Surfaces and Strategies Week 4 Strategies of Freedom / by Chris Chucas

Thrownups band from London Punk Rock Documentary Photographer © Chris Chucas-CRJ 5865  May 17, 2017 Falmouth University Ma Documentary Photography.jpg

This week we’ve been looking at Photography’s role today. With todays world of over saturated visual media on social networks, and the abundance of security cameras and automated image making robots like google earth, many look at human operated or traditional image making in a different way. In this new world, many think of traditional image making as not just a way of looking at the subject matter but at photography itself. I partially agree, but like a broken record I would also say that each individual would look at image making in their own way.

I also believe that many people still view photography in an older more traditional way. A photograph can be an object, it’s one way of capturing a moment and what they choose to capture says a lot about them. This global and democratic approach to photography and how it applies to non-professional or the everyday person as well as the artist or the professional has been massively inspiring and a driving force within my own practice. Artists that play on the snap shot aesthetic (often from being an armature and playing with camera and photography) have been massively inspirational.

Martin Parr, Nan Goldin, Larry Clark, all have images that have a snap shot quality to them. They are believable and culturally accessible to most people. We know that photography can be a massively powerful tool and can be a force for positive change, as well as a dangerous tool that can mislead and divide people. When looking at how artist like these make images and more importantly why they do, it is inspiring. Going back even further people like Dorathea Lange, Lewis Hine, and Ansel Adams used their images in this traditional way that photography has worked. I think that there is still room for that in today’s world.

It doesn’t have to be an either-or situation. There are artists looking at ‘post photography’ and ways of fighting against the more traditional methodologies of image making. There are plenty that are not. I would say that I am one of the latter. My practice is more focused on the relationship between artist and subject with the hope of positive and united change amongst communities as my desired goal. Although one could argue that there is potential in exploiting these traditional ways of working with cameras and image making, I believe that one can work in a more traditional way and hope to refine the technical aspects and finesse ways of working in order for it to be instinctive and second nature, thus enabling themselves to think about everything else.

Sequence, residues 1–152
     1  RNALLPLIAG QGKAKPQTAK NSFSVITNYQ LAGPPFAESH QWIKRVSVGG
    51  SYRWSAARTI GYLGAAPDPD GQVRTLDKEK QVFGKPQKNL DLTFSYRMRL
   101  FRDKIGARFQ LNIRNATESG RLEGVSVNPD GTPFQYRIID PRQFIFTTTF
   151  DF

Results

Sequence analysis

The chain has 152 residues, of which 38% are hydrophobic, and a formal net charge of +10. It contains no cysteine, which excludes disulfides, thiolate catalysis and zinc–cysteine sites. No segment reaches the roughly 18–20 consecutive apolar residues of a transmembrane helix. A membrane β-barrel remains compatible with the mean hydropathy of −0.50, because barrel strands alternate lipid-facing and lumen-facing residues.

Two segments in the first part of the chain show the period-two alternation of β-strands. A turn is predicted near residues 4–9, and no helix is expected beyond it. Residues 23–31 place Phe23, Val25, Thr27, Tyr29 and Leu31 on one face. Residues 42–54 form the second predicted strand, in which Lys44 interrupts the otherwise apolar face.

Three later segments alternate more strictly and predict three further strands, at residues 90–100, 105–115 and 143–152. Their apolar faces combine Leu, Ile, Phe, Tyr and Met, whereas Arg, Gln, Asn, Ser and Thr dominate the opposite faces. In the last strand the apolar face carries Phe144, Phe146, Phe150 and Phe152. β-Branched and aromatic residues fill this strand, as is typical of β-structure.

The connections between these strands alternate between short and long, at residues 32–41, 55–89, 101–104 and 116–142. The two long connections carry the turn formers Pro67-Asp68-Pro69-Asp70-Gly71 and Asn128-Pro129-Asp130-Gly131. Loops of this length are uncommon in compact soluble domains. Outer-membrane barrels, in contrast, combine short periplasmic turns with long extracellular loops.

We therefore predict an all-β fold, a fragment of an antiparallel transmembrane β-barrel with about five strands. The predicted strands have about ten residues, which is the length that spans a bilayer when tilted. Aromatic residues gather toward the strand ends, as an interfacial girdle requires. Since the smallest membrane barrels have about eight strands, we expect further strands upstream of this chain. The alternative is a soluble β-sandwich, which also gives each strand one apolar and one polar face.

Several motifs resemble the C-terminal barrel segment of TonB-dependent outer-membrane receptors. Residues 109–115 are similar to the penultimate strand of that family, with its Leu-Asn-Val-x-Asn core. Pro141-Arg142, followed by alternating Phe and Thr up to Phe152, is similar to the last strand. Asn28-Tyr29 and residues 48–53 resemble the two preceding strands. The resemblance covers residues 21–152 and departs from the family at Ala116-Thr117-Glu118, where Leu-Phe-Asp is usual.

I agree with Joanna Zylinska who makes the point that, “The Human agency required to make a decision about what and how to photograph is only one small part of what goes on in the field of photography, even though it is made to stand in for the whole of photography as such.” I feel that that human agency is a huge part of it.

Although this can be true. I don’t feel like it is applicable in my practice. I think hard and analyse many more aspects and not just aimlessly take images of random places I find myself in.  How I act, the conversations I engage in, my body language, the time of day, method of communication with my subjects all have an effect. It’s not a completely chaotic random chance. I admit there is some, but it is not the all empowering and dominating force.

Within my practice I’m striving to produce visual work to portray my subjects in a sensitive manner for positive change. I’ve experimented with different formats of camera, 120 film, 35mm slr, 35 mm Holga, smart phone and DSLR cameras. I have decided to continue with my dslr and off camera flash/natural light way of working. I feel it allows me to archive work I wouldn’t be able to using other formats. The speed and review qualities that come with it are impossible to replicate using film. It also allows me to show images with subjects of the back of the camera which helps a lot. As I have mentioned in previous posts, responsibility is one of my major focuses throughout all of my work, especially this project. It is in separable to me as an artist. I am experimenting with different approaches but the more I progress the more I’m finding that my main methodology of working is where my most successful work is working. I’ll continue to explore these alternative ways of working. I am asking people I’ve met with before to send me images with the ideas to curate them into a piece of work. I’m more interested in the newness of it and want to push myself but if it’s like the other experimentation I’ve done, it won’t be as successful. I’m comfortable in my main approach of working, and having been doing it for years I feel like I am progressing with it. I think it’s important to have confidence in what you do, it’s great to try new things and see what happens, but during this project I’m finding that the original method produces the strongest work.

Some of the great photographers that inspired social change particularly in America post 1900 have installed that morale obligation in me to think about what and how we work. I take great inspiration from later photographer’s like Goldin, and Clarke that have found a way of working that maximises the success of their work. Finessing a method to allow them to concentrate on their relationships with the subjects of their work. It is this freedom to adapt a methodology that applies to my practice more than asking questioning of ‘meta’ nature. I find a lot of work that deals with such issues to be alienating to most people and I’m more interested in connecting with people over a wider spectrum of understanding (amongst art and photography).